One Cyber Incident – Three Possible Outcomes

Scenario #1: A dental practice manager arrives at the office and starts up her computer. Her screen flashes a notice that the system has been locked and demands a ransom of $4,900 to provide the key to access the data. She panics – patients will be arriving in less than 30 minutes and now there is no access to the schedule, online patient data, billing or email. She dials her local IT consultant and leaves a message on the voice mail.

Other staff arrives but no one else knows what to do either as all of their systems come up with the same ransom message. Patients begin to come in for their appointments and still no call back from the IT consultant. The practice manager calls another firm that installed a firewall for them two years prior and is advised to restore from the backups. No one at the practice knows how to do this, so another call is placed to the IT consultant. Hours later, the consultant arrives on-site and determines that the automated backups had been failing for weeks, and the last good backup fails to restore.

The practice decides to pay the ransom, they have to get back their files. They sent the $4,900 to the hackers and 24 hours later they do get a key to access the data. Meanwhile, the practice manager contacted their attorney to see if they have any legal resource and is advised that since the data was accessed, the practice needs to report the breach, notify HHS and their patients, and offer free credit monitoring to almost 4,000 patients. Over the coming months, the bills keep coming for IT assistance, the attorney, notification costs, and credit monitoring and the practice submits to their commercial carrier only to learn that they have a $50,000 deductible on their commercial policy so the $49,428.79 they have paid will not be reimbursed.

Scenario #2: A dental practice manager gets a call from her IT consultant that patient data attributed to their practice was detected on the Dark web, and an incident needs to be reported. She accesses the portal and requests Breach Response. Within 20 minutes she is contacted and connected to a cyber forensics group who uncovers the backup issue and confirms that the FBI does not have a key for this particular ransomware, so the only hope to get the data back is to pay the hackers. Payment is submitted via the cyber team using the $100,000 coverage that was included with the breach response program and the data is restored. The breach response attorney explains the notification requirements and walks the manager through the process. The legal and notification costs are also covered in full by the breach response policy. The office is back up and running within 48 hours with the breach response insurance policy covering the $49,428.79 breach expenses in full.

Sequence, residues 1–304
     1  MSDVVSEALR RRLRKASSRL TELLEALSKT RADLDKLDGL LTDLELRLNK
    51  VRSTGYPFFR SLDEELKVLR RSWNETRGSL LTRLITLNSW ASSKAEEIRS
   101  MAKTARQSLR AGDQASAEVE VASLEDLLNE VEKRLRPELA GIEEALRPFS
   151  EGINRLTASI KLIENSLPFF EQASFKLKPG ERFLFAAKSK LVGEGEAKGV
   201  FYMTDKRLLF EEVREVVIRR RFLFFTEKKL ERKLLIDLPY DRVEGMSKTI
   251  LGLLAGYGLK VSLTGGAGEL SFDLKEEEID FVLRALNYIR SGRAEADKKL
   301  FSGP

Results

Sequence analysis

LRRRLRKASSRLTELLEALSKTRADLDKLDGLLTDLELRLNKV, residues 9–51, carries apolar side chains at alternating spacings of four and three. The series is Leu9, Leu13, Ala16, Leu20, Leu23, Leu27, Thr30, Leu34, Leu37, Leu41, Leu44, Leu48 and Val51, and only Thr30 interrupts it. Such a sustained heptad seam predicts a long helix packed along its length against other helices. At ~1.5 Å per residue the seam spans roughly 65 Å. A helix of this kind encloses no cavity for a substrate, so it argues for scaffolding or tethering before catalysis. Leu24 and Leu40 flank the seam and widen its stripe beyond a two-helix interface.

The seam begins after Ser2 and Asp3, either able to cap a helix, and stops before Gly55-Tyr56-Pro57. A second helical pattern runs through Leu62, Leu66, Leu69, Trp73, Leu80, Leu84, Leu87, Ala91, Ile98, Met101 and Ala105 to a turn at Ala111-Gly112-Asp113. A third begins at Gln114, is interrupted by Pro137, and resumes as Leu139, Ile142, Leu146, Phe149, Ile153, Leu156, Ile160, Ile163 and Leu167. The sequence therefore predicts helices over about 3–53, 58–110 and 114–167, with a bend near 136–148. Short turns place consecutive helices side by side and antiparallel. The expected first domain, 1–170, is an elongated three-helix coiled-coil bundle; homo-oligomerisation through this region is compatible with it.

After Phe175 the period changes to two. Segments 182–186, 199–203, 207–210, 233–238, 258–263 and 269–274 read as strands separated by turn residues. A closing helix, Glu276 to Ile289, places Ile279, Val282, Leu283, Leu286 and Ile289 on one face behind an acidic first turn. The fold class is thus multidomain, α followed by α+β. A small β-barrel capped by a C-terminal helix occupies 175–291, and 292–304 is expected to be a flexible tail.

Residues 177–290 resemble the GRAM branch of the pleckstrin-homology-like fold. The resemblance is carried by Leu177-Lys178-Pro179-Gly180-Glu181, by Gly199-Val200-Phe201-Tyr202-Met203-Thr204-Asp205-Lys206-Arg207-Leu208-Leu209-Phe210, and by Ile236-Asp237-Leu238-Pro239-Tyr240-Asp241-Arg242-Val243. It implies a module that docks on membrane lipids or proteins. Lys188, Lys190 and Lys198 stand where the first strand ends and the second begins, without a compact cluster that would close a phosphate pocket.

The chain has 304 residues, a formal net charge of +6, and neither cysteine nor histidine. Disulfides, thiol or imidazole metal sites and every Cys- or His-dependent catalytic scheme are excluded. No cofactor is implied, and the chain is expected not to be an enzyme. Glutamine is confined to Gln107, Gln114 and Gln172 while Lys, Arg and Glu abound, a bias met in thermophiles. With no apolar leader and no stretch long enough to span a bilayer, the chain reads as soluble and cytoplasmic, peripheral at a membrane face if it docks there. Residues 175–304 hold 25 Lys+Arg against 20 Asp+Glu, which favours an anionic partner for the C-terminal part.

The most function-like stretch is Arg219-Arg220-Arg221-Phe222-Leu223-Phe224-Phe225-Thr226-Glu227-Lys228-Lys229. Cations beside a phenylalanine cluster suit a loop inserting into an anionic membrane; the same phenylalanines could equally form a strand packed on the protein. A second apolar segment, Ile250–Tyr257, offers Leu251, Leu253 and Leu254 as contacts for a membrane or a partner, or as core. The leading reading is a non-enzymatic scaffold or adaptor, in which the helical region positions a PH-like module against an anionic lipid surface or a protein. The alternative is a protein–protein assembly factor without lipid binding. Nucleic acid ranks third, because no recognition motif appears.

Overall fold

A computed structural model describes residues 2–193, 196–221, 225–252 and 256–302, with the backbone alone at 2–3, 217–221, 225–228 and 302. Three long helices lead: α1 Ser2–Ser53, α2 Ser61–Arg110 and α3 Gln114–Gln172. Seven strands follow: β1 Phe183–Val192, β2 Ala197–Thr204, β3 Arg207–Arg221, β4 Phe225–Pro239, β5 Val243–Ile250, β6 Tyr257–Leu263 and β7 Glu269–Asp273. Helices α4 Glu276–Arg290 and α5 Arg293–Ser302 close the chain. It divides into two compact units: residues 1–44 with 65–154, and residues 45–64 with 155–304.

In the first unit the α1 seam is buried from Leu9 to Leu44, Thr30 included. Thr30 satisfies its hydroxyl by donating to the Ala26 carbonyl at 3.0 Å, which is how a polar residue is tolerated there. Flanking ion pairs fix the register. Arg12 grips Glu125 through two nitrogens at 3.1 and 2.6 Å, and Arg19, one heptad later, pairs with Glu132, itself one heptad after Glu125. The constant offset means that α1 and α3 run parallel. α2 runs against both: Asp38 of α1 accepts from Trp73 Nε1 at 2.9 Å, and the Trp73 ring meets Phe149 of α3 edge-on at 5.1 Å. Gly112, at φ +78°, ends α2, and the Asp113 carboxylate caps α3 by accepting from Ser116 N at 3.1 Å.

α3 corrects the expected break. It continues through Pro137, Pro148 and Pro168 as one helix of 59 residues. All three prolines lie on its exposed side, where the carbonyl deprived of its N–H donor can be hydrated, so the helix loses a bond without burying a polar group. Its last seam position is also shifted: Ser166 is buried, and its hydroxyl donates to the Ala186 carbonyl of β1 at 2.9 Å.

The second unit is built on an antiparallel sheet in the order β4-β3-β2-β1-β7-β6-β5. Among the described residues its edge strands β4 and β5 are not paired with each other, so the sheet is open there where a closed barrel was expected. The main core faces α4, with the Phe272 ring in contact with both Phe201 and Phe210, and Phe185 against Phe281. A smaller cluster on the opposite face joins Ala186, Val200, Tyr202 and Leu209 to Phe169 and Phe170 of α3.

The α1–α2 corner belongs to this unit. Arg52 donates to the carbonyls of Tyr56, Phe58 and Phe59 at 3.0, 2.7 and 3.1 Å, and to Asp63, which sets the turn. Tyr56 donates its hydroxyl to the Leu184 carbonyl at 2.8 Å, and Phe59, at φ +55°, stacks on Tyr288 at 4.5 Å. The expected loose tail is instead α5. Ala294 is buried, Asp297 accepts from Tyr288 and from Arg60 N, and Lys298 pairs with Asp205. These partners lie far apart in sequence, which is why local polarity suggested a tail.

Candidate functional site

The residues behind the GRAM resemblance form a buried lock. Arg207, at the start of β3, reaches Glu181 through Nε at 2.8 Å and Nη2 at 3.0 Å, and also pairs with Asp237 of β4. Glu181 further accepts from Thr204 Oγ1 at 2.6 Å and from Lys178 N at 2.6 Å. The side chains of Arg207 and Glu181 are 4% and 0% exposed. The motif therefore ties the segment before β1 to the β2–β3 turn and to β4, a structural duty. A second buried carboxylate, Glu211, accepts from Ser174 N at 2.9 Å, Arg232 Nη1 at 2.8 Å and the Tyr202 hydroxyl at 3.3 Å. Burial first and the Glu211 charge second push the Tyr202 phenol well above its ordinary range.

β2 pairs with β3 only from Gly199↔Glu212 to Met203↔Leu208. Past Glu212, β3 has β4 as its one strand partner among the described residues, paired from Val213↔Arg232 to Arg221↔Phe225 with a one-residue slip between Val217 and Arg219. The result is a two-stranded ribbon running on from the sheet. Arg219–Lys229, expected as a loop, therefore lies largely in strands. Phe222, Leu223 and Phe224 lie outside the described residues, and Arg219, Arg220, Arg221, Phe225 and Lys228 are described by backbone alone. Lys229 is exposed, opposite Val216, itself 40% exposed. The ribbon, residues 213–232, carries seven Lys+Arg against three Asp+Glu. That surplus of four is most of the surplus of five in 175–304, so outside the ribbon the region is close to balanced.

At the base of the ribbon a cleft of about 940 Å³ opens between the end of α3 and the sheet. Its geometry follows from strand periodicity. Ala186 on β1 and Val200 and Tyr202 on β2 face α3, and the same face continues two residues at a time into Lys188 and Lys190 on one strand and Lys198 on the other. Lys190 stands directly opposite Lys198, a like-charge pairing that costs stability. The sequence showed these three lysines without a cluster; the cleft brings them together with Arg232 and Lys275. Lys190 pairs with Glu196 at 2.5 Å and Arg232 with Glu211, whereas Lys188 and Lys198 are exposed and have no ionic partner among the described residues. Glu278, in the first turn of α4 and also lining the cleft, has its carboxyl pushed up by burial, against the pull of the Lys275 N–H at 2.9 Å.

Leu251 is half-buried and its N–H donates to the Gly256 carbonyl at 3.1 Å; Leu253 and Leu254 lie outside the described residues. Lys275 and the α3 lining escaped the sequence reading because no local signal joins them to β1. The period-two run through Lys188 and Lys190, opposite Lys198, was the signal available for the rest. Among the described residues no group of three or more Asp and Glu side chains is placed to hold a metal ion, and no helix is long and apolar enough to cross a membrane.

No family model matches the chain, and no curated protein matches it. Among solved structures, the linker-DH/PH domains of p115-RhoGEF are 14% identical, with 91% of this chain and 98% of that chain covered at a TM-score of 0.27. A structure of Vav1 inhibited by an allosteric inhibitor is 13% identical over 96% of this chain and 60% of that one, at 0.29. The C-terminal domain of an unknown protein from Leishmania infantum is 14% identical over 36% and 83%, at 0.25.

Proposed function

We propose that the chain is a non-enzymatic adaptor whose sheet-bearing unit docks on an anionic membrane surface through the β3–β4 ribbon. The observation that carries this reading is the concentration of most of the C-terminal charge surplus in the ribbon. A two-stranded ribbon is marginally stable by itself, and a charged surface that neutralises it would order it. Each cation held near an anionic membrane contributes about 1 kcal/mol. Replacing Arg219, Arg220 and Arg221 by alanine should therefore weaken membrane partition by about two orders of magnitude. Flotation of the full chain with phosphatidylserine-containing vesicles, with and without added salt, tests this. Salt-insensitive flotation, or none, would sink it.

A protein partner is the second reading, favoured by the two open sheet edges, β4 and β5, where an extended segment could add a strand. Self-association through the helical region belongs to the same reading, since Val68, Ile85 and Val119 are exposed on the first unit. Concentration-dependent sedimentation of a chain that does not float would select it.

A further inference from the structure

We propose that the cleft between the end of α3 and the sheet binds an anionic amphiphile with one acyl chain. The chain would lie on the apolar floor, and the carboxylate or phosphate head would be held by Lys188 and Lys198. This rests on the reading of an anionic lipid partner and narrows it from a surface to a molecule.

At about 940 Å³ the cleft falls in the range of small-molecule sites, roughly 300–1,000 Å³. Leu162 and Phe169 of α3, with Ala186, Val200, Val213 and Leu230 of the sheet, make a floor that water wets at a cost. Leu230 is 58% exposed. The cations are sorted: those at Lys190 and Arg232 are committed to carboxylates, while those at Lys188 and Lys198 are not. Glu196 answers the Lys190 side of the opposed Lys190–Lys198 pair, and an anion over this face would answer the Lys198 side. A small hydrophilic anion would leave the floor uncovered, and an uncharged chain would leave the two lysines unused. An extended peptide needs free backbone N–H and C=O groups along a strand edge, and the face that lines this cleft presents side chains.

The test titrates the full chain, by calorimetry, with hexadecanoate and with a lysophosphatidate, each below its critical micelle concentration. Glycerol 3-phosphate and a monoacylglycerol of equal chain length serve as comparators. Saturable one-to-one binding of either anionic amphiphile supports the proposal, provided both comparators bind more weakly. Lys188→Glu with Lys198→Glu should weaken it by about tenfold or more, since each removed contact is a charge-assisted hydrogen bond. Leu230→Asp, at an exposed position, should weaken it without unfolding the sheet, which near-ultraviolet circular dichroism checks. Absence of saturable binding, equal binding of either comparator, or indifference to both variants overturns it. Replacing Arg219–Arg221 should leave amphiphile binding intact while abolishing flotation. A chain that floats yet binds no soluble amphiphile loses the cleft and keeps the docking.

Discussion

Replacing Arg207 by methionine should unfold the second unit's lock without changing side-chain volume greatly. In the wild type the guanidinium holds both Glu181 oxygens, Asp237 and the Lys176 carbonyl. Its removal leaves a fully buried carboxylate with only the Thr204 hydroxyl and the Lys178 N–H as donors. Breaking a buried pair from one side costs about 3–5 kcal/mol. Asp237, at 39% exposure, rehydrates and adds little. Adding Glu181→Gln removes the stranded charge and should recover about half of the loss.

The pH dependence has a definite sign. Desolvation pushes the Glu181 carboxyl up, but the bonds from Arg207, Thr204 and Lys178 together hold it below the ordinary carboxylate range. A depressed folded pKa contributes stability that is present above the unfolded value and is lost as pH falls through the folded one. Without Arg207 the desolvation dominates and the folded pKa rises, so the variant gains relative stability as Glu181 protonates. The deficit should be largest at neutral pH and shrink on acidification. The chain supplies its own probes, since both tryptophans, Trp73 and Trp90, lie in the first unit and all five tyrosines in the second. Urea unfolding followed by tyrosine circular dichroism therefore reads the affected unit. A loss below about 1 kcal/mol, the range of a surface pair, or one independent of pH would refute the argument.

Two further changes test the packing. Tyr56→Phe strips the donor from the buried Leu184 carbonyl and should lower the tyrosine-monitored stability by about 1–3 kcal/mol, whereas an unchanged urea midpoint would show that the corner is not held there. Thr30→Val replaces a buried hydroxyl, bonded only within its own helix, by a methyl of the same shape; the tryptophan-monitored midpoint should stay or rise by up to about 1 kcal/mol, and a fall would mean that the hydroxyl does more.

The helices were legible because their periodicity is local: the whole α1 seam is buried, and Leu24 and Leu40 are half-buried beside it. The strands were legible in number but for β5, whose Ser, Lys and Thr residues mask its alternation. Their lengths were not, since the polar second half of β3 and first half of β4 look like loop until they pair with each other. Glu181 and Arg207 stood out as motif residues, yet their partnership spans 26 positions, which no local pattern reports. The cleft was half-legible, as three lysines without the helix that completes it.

Scenario #3: A dental practice manager gets a call from her IT consultant that login credentials attributed to their practice was detected on the Dark web. The login and password in question is one of the dentist’s on staff, and has access to all data. The consultant works with the practice manager to force a password reset for all accounts. A possible breach is reported to via the breach response portal and cyber forensics team reviews logs and is able to determine that no data was accessed from the outside using the exposed credentials, and no breach has occurred.

Which scenario would you hope for as the practice manager? As the MSP? If you don’t have Breach Response in place before something like this happens, you will likely face the pitfalls and unexpected financial impacts of Scenario #1.

Tracy Fox
+ posts

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